The 13th

Tomorrow is my favorite holiday in the world, and it happens a couple a times a year: Friday the 13th. Why is it my favorite? Is it because I can scare the living daylights out of some people? Is it because of the intrigue of the history behind the day? Well, its a little bit of both. If you know me personally, you would know how much joy I get out of scaring people. Also, I am a totally geek when it comes to all things scary, but you will never catch me watching the movie Scream (NEVER AGAIN). That mask creeps me out way too much, but that is a story for another time.

Friday the 13th sparks fear into many people that this fear is considered to be a phobia, which falls under three names: Paraskevidekatriaphobia, Friggatriskaidekaphobia and Triskaidekaphobia. According to the North Carolina Stress Management Center and Phobia Institute, seventeen to twenty-one million people suffer from this fear.

It is amusing how much a number strikes fear into the hearts of millions, and it is not anything new. It is said that superstitions surrounding the number thirteen have been around since the 1700 BCE. Hammurabi’s Code in Ancient Babylon did not have the number thirteen. There is also a theory that if thirteen people eat dinner together, within a year, one of those people will die.

One of the stories behind the dinning superstition is that in Norse mythology, Odin invited 11 of his friends to dinner, but Loki, god of evil and mischief, crashed the event. In this story Loki was evil number thirteen.

But now, back to why Friday the 13th is an “evil” day.

In numerology, twelve represents being complete because there are many twelves in the world:

  • 12 months of the year
  • 12 gods of Olympus
  • 12 hour clocks
  • etc.

With twelve meaning completeness, thirteen interrupts the completeness, making it unlucky. Which leads to the first theory of the origin of the holiday being about The Last Supper. Much similar to the Odin example above. There where thirteen people at the dinner leading to Jesus’s crucifixion, which occurred on a Friday.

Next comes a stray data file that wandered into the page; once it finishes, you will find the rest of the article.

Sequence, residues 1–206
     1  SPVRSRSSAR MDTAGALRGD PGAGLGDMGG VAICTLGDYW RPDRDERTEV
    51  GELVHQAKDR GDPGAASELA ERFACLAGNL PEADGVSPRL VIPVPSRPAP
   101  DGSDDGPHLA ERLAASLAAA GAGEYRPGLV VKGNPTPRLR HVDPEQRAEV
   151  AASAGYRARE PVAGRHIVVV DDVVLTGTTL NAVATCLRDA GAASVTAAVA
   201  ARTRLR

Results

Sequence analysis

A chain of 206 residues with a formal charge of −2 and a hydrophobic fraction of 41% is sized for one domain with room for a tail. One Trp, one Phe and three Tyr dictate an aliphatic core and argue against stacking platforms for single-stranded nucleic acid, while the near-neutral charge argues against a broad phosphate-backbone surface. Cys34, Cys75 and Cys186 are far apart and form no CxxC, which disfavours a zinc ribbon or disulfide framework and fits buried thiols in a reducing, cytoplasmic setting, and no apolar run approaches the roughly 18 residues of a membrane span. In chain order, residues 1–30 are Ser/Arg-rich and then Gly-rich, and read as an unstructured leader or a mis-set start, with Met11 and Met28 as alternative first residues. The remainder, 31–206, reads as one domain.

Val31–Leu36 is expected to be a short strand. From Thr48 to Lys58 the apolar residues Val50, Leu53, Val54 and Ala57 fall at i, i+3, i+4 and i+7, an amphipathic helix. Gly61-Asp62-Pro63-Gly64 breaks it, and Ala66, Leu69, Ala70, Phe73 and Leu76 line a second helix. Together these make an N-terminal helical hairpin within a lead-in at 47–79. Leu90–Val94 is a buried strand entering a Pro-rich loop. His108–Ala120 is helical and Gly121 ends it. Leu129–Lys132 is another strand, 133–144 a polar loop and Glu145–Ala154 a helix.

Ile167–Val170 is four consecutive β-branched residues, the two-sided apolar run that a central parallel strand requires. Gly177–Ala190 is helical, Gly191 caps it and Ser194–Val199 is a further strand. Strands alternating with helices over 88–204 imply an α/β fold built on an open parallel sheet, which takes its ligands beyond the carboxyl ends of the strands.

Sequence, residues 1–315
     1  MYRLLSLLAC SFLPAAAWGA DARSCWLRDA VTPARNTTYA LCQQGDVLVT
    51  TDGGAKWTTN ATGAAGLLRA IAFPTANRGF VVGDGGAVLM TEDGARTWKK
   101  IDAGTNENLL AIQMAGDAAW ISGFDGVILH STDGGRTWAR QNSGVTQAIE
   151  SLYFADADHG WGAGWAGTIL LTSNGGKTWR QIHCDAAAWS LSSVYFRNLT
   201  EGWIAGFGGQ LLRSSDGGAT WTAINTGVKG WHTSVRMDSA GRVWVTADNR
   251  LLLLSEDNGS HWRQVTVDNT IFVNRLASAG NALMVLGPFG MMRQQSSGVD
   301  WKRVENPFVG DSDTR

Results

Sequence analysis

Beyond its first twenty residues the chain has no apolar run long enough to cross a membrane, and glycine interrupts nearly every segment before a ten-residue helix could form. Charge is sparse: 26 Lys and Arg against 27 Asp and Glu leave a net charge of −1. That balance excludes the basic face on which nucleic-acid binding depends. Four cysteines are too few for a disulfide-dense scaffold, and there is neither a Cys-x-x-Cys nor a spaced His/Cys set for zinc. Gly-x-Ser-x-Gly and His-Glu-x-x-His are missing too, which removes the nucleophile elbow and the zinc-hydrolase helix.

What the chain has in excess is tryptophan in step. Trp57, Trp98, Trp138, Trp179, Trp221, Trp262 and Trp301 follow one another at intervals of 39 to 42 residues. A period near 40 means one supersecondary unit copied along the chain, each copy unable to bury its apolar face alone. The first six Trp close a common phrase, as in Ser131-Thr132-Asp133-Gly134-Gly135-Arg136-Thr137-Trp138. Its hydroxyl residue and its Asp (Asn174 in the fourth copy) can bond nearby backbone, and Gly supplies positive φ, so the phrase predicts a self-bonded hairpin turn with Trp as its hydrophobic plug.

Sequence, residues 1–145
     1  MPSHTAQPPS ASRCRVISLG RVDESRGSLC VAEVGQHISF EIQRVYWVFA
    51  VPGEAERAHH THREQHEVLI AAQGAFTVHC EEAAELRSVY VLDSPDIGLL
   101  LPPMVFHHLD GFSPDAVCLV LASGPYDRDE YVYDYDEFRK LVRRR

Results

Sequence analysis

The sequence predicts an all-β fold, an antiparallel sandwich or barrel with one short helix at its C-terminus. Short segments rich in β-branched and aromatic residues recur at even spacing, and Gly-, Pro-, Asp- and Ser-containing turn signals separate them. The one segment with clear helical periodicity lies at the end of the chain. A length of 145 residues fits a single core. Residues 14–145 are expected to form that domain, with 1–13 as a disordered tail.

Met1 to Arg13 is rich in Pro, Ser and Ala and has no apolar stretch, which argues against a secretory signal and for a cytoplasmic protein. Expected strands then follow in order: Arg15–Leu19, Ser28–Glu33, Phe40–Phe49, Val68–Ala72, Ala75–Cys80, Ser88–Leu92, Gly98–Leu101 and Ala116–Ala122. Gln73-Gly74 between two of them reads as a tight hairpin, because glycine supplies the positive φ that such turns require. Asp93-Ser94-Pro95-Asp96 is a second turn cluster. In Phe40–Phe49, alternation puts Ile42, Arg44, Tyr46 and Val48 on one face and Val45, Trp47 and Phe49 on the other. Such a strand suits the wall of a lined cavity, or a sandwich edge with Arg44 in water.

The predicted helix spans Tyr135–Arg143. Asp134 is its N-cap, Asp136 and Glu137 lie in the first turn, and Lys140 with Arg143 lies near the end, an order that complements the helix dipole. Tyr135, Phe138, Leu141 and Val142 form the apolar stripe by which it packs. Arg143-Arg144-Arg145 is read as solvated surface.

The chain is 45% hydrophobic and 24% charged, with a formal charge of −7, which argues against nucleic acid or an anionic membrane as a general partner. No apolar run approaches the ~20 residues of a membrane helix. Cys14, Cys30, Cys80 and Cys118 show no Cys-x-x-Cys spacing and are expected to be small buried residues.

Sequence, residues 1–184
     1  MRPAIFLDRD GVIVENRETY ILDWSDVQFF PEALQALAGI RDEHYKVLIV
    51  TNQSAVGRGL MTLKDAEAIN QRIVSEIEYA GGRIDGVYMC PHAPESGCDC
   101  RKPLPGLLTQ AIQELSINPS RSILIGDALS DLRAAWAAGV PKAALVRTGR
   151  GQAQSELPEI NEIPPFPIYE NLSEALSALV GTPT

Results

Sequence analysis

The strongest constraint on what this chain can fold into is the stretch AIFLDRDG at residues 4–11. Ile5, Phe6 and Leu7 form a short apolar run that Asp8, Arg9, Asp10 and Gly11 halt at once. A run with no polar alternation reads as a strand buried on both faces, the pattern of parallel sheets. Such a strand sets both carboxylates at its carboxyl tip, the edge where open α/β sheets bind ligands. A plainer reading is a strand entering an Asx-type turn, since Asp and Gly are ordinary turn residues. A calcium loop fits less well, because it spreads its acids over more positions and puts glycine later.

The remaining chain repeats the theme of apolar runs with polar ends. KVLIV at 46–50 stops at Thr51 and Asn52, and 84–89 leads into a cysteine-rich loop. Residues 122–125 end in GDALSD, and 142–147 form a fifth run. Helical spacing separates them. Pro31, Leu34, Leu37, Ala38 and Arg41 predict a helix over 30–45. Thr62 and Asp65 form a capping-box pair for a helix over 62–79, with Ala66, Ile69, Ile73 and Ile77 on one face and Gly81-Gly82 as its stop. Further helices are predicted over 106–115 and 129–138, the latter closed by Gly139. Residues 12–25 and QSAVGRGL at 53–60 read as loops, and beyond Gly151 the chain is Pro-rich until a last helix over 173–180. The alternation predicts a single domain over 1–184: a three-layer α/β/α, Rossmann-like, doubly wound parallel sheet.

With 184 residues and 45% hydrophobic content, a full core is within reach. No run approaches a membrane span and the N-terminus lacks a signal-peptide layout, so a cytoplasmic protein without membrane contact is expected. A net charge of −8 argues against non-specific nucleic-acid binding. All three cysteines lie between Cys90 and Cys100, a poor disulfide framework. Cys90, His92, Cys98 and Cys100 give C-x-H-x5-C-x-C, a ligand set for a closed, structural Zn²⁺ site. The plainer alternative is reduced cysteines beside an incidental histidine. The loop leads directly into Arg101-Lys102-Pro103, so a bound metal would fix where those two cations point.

Another theory revolves around the Norse goddess Frigga of love and fertility. Does Frigga look familiar? It should. One of the names for the fear of Friday the 13th is friggatriskaidekaphobia. It’s not just a coincidence. It is believed that Frigga, when Christianity came to the area, that she was denounced as a witch and was forced into the mountain where she met with 11 witches and the Devil to get revenge. Oh, and did I mention that her name means Friday. Well, it does.

There is also there this less known theory, which is really obscure. It that the Templar Knights were arrested by King Philip IV on October 13, 1307, a Friday.

The sources of my information will be at the very bottom. But first, I think that whether you think that Friday the 13th the realest thing ever or just something stupid I have left some ground rules that you should follow, and they are as follows:

  1. Don’t walk under ladders
  2. Don’t spill salt
  3. Don’t go to a motel/hotel to have sex
  4. Don’t go into the woods by yourself
  5. If you do go into the woods, don’t separate from the group
  6. Make sure you get your car tuned up
  7. Don’t summon ghost
  8. Don’t summon demons
  9. Don’t go into abandoned buildings
  10. Don’t use an Ouija Board (I think I spelled that right)
  11. If you hear the a noise, don’t ask who it is
  12. Don’t do anything stupid that is in every horror movie ever.

Sources:

http://www.gotquestions.org/Friday-the-13th.html

http://www.ibtimes.com/friday-13th-history-origins-myths-superstitions-unlucky-day-395108

http://en.wikipedia.org/wiki/Friday_the_13th (I had to; it was the first source)

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